Survey reveals frustration due to excess time spent on UC provisioning.
What Your Peers Are Saying about UC Automation
Do you ever find yourself frustrated by the time you spend on provisioning unified communications (UC) systems? If so, you’re not alone. According to a recent survey, IT professionals (who are already under pressure to cut IT costs) described spending up to a quarter of their time on UC user management.
Many likened the experience to “being stuck in a traffic jam.” Streamlining of UC provisioning emerged as an attractive option, with respondents stating workflow automation could result in substantial cost savings and reallocation of time to more worthwhile tasks. The survey collected opinions from over 300 IT professionals, 87% of whom work at organizations with more than 1,000 employees.
- UC provisioning is painful
- IT teams spend a lot of time on provisioning
- Conflicting demands make provisioning work more burdensome
- IT pros want to automate as much as possible
- Automation can lead to significant savings
Provisioning? Or a Root Canal?
Provisioning UC systems doesn’t seem to be much fun. The survey asked respondents to match the feelings associated with provisioning a large number of users with other life experiences. Thirty-seven percent said provisioning was like “being stuck in a traffic jam.” Another 15% felt it was like “banging my head against a wall,” while 8% likened it to having a root canal, and 5% to an IRS audit. In all, 66% of respondents equated large-scale UC provisioning with painful, tiresome experiences. Alternatively, only 22% percent claimed it was, “not an issue.”
Provisioning Takes Up a Lot of IT Team Time
How much time does the average IT person spend on provisioning? When asked what percent of their IT team’s time supports provisioning or setting up new users, 77% of respondents stated the work took between 1% and 24% of their time. Amazingly, 16% claimed it took 25-49% of their time.
We Also Have to Cut Costs and Make Information More Accessible
IT staffers face competing demands for their time. Absorbed in provisioning tasks that can take up a quarter of their time or more, the IT team is simultaneously expected to achieve other objectives. Respondents were asked, “In terms of IT initiatives, what is considered most important at your company?” On a scale of 1-5, they ranked the following initiatives in order of importance:
- Reducing costs — Scored 3.84, on average
- Increasing service-level agreements (SLAs) for IT — Scored 2.48
- Automating IT team workflow — Scored 2.82
- Increasing ease of information access to users — Scored 3.14
- Reducing mundane workload and increasing strategic initiatives — Scored 2.71
Reducing costs and increasing ease of information access garnered the top scores. These priorities are theoretically in conflict with one another. It’s hard to increase access while cutting costs, unless the IT department has automated enough of its processes to make providing access less expensive.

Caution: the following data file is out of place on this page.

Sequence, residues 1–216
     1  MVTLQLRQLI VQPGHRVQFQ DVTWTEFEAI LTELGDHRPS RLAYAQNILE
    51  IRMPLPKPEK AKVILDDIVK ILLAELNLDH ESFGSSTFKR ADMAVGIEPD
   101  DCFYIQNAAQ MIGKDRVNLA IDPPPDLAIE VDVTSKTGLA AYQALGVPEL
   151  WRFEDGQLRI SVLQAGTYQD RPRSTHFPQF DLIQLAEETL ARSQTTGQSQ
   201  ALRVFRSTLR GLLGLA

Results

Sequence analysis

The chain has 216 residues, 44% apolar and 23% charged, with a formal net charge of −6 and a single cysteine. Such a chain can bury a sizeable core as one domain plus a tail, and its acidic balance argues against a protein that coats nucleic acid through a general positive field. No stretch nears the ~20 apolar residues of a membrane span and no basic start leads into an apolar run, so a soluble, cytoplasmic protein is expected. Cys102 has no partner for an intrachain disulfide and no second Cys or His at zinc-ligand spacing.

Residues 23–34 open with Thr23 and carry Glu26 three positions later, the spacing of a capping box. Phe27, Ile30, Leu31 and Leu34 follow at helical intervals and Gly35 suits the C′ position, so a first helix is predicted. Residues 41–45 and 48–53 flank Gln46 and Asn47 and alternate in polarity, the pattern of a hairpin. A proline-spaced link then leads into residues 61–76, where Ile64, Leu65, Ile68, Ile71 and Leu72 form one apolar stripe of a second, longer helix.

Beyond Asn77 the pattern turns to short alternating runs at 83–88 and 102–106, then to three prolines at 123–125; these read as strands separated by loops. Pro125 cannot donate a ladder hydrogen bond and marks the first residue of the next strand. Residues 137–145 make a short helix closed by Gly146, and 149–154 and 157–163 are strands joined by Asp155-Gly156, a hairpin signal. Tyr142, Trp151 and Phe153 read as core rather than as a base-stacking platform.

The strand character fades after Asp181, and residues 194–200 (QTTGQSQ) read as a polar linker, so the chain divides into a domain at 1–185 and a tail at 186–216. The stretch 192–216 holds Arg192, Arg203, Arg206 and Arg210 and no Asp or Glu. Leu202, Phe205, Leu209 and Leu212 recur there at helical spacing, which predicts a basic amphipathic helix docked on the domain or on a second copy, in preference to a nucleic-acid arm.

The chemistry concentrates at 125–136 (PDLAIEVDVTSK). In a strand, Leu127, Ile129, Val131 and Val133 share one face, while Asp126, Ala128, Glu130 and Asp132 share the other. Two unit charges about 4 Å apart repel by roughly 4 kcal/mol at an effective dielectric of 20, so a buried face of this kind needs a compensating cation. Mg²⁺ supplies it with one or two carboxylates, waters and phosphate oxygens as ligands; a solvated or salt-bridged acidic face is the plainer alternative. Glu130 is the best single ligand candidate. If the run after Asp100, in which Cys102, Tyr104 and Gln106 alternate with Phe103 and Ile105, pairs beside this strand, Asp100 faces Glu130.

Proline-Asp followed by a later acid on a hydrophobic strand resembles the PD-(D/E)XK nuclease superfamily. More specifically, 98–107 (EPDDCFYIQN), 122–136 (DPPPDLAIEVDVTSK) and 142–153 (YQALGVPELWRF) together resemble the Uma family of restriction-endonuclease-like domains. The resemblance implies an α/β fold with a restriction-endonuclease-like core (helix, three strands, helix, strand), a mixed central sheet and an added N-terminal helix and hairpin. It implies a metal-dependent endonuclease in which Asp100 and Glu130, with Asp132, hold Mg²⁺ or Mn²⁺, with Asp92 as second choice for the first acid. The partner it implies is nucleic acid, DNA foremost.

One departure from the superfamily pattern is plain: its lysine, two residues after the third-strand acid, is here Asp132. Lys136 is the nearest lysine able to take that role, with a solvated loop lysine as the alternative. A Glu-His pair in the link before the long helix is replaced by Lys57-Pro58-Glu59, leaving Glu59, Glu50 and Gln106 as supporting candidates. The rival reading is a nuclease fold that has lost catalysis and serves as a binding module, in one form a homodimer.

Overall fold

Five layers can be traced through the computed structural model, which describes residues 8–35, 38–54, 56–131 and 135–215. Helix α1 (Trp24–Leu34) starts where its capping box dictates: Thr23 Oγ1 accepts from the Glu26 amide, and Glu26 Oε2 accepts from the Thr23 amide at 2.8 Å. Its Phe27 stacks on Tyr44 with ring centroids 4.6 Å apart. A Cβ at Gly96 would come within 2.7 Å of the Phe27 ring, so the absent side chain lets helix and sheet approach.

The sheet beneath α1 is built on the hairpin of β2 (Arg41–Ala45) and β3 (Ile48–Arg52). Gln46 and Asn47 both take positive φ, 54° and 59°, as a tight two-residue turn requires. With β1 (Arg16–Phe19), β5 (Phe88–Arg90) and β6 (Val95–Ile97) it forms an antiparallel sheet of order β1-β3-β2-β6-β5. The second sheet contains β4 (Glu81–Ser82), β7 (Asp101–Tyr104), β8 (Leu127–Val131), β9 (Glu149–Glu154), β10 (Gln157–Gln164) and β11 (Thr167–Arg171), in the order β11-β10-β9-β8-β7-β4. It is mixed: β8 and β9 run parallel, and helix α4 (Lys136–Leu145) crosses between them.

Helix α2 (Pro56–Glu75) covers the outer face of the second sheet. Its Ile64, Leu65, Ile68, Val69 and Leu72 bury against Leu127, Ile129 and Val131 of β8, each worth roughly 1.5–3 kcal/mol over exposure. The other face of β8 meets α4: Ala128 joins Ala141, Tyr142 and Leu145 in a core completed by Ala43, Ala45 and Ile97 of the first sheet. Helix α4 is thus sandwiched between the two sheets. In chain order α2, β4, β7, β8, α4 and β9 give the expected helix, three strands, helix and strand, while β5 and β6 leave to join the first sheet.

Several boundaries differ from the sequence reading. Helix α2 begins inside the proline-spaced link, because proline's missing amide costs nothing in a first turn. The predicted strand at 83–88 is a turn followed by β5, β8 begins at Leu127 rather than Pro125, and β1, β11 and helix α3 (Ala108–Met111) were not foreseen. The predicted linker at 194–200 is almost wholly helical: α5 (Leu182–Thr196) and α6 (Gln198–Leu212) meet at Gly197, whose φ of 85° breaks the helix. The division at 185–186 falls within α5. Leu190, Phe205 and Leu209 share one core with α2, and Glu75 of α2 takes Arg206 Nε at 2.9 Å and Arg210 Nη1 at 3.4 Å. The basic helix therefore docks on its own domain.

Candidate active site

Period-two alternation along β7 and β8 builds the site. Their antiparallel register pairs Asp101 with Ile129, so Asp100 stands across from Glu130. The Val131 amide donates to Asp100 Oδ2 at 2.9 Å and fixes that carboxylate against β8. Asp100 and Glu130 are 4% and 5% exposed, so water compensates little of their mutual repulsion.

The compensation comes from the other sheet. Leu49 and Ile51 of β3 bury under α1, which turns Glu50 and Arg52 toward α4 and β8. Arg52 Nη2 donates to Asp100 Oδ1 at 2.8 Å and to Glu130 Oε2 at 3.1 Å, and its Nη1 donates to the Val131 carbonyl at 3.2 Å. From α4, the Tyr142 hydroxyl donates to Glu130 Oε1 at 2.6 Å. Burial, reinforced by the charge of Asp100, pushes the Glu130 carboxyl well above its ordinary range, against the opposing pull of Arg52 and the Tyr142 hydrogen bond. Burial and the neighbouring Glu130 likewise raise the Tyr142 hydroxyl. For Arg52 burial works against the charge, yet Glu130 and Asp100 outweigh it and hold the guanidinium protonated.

Let’s Automate as Much as Possible
The survey asked, “What part of your communications user setup/provisioning would you automate if you could?” Respondents favored automating all four options with the same weighting: Automation of provisioning for instant messaging, video conferencing, telephony, and email each received between 50% and 54% of votes (multiple choices allowed). This result suggests that automation is a general preference for IT, regardless of the specific technology. Various collaboration technologies appear to be equal-opportunity resource drains and in need of automation.
Automating Provisioning Can Free Team Time for More Important Work
IT departments want to play a more central role in the business rather than being a provider of basic services. Thus, it’s not surprising that two-thirds of respondents felt that an automated UC software platform would allow them to allocate up to a quarter of their time to more critical work.
Respondents were asked, “If you had an automated UC software platform to support provisioning/user set-up, how much time would this save your IT team to work on more strategic projects?” Sixty-five percent answered that automated UC provisioning would save up to 24% of their time for more important initiatives. Twenty-one percent said it would save them between 25% and 49% of their time, and 9% believed it would save between 50% and 74%.
IT professionals surveyed felt the work of provisioning was stressful, likening it to agonizing life experiences. Provisioning is a costly waste of IT personnel time. Conversely, UC provisioning automation promises to expand IT team availability for more strategic projects. Done right, these technologies enable cost-effective streamlining of the UC provisioning process. They can turn the traffic jam/root canal-like experience into something a lot more pleasant and productive.